Why do sportswriters insist on rewriting the medical textbooks? Because athletes decide to take advantage of a drug for their own particular use? For instance this post which once again identifies a diuretic as a 'weight loss' pill. The writer even thinks the drug is used to cut weight (as I said, cut off an arm or something to lose weight) rather than as a masking agent.
Just as the underground economy subverts the real economy, the underground medical practice subverts the actual researched indications for these drugs. And like the honest taxpayer who foots over his fair share to the Govt is cheated by the guy who trades cash under the table, the dishonest athlete cheats the drug free athlete (and I can't believe I defended paying taxes; that may be the dumbest analogy ever written).
Take the diuretic bumetanide (Bumex). That's a ridiculous generic name, even for this writer who worked with furosemide (Lasix) while in medical school. A diuretic (known in the press as a 'water pill' which isn't accurate because urine is far more than water) blocks physiological workings of the kidneys which then allow much more urine to flow -- but at a cost. The cost is the disequilibrium of fluid and electrolyte balance. Such a drug would be 'indicated' for heart failure, kidney disease, and perhaps liver failure where for various reasons the kidneys cannot filter the blood as well as in health.
The side effects? As mentioned fluid and electrolyte imbalance which can lead to fatal heart rhythms. The heart depends on electrical communications and electro-chemical interactions to keep beating (calcium, sodium, potassium, chloride). When a diuretic produces the diuresis (fluid output) it pulls those electrolytes with it, thus inducing the electrolyte problems. There is a reason your grandmother takes potassium (K) with Lasix or HCTZ in the morning. If not she lands in the hospital as my late mother did often in the past year for K depletion.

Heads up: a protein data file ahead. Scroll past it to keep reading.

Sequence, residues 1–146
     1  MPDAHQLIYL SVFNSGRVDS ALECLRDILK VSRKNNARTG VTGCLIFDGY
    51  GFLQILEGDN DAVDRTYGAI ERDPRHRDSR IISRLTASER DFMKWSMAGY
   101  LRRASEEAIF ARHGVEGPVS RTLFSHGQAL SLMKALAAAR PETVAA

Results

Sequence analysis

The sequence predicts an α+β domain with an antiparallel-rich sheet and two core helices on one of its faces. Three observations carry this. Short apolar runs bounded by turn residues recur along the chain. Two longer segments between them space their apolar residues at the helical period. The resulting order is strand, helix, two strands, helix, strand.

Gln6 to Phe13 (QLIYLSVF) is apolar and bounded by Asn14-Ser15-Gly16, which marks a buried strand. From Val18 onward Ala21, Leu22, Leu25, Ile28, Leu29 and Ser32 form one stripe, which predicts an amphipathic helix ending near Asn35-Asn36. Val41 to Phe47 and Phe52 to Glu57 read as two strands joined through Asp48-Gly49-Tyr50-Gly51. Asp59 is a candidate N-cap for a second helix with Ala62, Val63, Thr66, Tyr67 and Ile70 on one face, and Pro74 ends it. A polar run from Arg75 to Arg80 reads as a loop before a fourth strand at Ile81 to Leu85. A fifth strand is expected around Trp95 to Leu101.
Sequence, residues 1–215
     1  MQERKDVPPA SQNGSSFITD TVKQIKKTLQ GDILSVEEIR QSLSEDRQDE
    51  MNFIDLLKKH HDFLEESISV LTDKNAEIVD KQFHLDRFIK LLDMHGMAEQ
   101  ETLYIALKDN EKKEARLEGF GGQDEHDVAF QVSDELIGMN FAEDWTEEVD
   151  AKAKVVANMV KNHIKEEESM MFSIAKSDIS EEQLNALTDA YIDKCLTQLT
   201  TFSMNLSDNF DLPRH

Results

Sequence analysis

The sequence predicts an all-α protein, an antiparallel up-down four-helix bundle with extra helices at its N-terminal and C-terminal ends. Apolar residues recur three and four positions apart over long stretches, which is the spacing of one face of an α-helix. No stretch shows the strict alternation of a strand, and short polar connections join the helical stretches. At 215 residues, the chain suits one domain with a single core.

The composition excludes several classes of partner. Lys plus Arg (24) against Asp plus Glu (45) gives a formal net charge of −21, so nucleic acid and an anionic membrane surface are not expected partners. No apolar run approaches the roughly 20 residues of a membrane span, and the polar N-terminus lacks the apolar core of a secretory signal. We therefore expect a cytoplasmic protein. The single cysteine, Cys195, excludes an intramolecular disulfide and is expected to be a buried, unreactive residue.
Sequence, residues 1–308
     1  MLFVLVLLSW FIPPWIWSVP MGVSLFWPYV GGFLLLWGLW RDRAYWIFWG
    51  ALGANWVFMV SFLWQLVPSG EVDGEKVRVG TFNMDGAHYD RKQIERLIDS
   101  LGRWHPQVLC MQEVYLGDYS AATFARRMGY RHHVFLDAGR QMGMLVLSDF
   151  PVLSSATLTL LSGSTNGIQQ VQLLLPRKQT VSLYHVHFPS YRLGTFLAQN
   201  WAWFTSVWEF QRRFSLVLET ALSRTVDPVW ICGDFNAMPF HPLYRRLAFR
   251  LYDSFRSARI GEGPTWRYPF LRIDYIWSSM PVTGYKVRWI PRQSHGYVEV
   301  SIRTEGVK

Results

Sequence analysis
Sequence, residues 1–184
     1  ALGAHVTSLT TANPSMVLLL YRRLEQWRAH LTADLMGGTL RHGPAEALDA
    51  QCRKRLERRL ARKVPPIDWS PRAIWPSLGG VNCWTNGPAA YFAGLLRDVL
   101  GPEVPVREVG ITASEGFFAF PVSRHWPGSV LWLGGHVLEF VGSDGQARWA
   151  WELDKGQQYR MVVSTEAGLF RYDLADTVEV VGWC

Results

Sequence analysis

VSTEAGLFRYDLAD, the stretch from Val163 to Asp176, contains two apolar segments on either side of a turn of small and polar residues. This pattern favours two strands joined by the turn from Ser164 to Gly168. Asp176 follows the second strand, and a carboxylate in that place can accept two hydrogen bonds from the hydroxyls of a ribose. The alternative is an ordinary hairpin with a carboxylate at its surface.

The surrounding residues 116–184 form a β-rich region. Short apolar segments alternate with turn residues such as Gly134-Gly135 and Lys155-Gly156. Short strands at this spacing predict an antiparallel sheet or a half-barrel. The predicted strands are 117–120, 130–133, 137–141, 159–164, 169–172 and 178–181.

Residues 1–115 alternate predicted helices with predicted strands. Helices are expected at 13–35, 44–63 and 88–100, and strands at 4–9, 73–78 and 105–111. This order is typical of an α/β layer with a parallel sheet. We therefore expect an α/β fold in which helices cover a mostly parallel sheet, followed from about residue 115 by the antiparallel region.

When the athletes take a diuretic - for NO MEDICAL reason -- they not only simply abuse the drug, but may produce a dangerous electrolyte imbalance. That can lead to death as it has with some NFL players in the past. So Deuce McAllister, for whatever reason he took the drug, risks some major problems with the illicit use.
When you hear of an NFL player taking Bumex, which is a major kick-arse diuretic, the only reason would be to dilute the urine, which would dilute the metabolites of other drugs -- either drugs like steroids, or perhaps other illicit drugs (thus we can suspect but not assume the 'masking' agents are masking anabolic steroids). None of the NFL player would suffer from heart, kidney, or liver conditions, and maintain an NFL career.
When the press calls Bumex or any diuretic a weight loss' drug, they are rewriting the medical text books. Any normal person will simply rehydrate in a matter of minutes (hours) to rebalance fluids and electrolytes (the most guarded physiological parameter in biology).
This reminds me of my cousin who wrestled in high school and college. He and his friends would try to lose weight by sweating, spilling into pop bottles, cutting their hair, shaving, and any way to reduce some bodily mass as quickly as possible (he once confided to me he was gong to ejaculate to try to lose a few grams; at least that's what he said). It's all temporary weight.(side effects after the jump)
SIde effects of Bumex, none of which an NFL player would want:
The most frequent clinical adverse reactions considered probably or possibly related to Bumex are muscledizziness (1.1%), hypotension (0.8%), headache (0.6%), nausea (0.6%) and encephalopathy (in patients with preexisting liver disease) (0.6%). One or more of these adverse reactions have been reported in approximately 4.1% of patients treated with Bumex. cramps (seen in 1.1% of treated patients),
Less frequent clinical adverse reactions to Bumex are impaired hearing (0.5%), pruritus (0.4%), electrocardiogram changes (0.4%), weakness (0.2%), hives (0.2%), abdominal pain (0.2%), arthritic painrash (0.2%) and vomiting (0.2%). One or more of these adverse reactions have been reported in approximately 2.9% of patients treated with Bumex. (0.2%), musculoskeletal pain (0.2%),